Police Arrange Protection of Bamberg Jews; Threats Continue

Bamberg police took special steps today to insure the safety of the few remaining Jews of Bamberg after one of the most vicious outbreaks of anti-Semitic vandalism in postwar German history.

Some 4,000 Bamberg residents met in a heavy rainstorm yesterday to protest the dese cration of 32 tombstones in Bamberg’s Jewish cemetery Tuesday and the defacing Sunday of a monument to the synagogue the Nazis razed in 1938. Flags throughout Bamberg flew at half-mast during the meeting.

Lord Mayor Theodor Mathieu told the protest meeting that “we want to state that we feel deep pain and real sorrow” about the desecrations. The Mayor also said that he wanted the whole world to know that the citizens of Bamberg rejected “these crimes.” He declared that the German people know the conflict created between “Jews and Germars” during the Nazi holocaust and that such things should never happen again.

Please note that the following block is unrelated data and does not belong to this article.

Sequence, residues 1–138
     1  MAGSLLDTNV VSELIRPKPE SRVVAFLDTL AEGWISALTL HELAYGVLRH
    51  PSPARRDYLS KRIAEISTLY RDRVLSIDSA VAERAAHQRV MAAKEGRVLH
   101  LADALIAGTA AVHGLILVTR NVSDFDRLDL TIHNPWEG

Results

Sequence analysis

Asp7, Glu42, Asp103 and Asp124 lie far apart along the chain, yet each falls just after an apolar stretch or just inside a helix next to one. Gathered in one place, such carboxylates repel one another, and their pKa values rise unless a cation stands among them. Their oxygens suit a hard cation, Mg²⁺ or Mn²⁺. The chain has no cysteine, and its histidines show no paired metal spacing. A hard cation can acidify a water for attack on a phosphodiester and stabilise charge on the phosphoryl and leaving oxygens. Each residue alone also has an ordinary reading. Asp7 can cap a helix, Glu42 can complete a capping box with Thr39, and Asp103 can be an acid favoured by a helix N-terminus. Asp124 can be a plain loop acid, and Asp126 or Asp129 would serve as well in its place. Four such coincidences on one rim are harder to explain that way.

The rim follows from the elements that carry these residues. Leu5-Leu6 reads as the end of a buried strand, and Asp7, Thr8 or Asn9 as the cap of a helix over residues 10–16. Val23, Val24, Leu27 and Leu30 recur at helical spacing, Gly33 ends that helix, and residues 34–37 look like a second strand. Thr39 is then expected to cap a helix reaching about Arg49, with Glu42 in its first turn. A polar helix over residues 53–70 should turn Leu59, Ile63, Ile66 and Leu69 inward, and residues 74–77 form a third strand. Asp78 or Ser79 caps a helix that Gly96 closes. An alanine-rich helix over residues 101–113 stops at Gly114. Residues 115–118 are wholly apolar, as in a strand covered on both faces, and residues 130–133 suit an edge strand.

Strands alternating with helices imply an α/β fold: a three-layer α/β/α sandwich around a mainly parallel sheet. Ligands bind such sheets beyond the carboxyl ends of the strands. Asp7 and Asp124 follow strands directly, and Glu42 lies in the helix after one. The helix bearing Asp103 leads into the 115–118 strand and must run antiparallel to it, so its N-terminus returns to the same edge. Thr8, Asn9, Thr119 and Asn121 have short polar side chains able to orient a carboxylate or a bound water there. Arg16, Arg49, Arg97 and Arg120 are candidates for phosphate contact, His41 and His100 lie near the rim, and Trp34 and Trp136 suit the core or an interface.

The Mayor called on the people of Bamberg not to be indifferent to the anti-Jewish acts and noted that Nazi terror could quickly materialize from small beginnings. He also appealed to the 100 Jews of Bamberg not to blame the non-Jewish citizens of the city for the outrages because they had “proved” they had the greatest interest to bring the guilty ones to trial.

Detectives from Munich joined local police in the search for the vandals, who painted violently anti-Semitic inscriptions and swastikas on the tombstones and similarly defaced the synagogue monument. Citizens raised a $3,250 reward for the arrest of the desecrators and the Frankischer Tag, the Bamberg newspaper, offered a reward of 3,000 marks ($750) for that purpose. The vandals, however, made anonymous telephone calls yesterday to clergymen and to the newspaper, with the message “Kill the Jews–we will continue to fight and to smear.”

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